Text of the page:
I'm trying to understand what happens when modules with globals and static variables are dynamically linked to an application.
By modules, I mean each project in a solution (I work a lot with visual studio!). These modules are either built into *.lib or *.dll or the *.exe itself.
I understand that the binary of an application contains global and static data of all the individual translation units (object files) in the data segment (and read only data segment if const).
What happens when this application uses a module A with load-time dynamic linking? I assume the DLL has a section for its globals and statics. Does the operating system load them? If so, where do they get loaded to?
And what happens when the application uses a module B with run-time dynamic linking?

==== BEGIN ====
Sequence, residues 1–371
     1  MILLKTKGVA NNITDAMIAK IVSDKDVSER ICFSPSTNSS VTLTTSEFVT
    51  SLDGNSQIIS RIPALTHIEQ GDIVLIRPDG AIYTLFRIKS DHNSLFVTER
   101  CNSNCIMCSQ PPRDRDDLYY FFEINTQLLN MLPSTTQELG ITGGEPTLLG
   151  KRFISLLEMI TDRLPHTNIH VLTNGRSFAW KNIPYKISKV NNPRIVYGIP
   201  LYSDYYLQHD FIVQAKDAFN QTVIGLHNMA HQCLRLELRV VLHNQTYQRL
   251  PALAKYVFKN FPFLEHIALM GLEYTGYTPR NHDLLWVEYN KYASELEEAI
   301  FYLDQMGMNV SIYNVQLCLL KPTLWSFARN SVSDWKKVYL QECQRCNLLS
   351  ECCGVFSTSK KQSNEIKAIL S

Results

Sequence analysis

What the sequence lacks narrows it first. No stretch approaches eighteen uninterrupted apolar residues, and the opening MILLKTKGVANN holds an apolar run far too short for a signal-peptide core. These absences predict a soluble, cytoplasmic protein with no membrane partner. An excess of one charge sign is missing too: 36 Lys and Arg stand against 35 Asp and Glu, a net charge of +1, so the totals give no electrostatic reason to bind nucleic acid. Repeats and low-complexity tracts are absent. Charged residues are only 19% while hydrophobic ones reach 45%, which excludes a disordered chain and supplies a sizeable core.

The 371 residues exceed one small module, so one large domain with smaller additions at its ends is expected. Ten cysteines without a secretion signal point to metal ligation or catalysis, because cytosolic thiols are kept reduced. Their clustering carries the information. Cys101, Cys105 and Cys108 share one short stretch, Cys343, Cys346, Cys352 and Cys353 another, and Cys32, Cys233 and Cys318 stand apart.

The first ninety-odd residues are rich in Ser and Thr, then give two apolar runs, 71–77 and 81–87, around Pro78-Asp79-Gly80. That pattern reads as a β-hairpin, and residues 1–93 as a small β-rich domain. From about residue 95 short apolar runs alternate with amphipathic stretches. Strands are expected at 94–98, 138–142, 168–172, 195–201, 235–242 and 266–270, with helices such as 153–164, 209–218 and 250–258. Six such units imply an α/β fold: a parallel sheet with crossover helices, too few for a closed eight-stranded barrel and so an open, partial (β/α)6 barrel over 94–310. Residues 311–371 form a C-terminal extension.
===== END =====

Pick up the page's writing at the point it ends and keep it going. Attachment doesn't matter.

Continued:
If I have two modules in my application that both use A and B, are copies of A and B's globals created as mentioned below (if they are different processes)?
Do DLLs A and B get access to the applications globals?
(Please state your reasons as well)
Quoting from MSDN:
Variables that are declared as global in a DLL source code file are treated as global variables by the compiler and linker, but each process that loads a given DLL gets its own copy of that DLL's global variables. The scope of static variables is limited to the block in which the static variables are declared. As a result, each process has its own instance of the DLL global and static variables by default.
and from here:
When dynamically linking modules, it can be unclear whether different libraries have their own instances of globals or whether the globals are shared.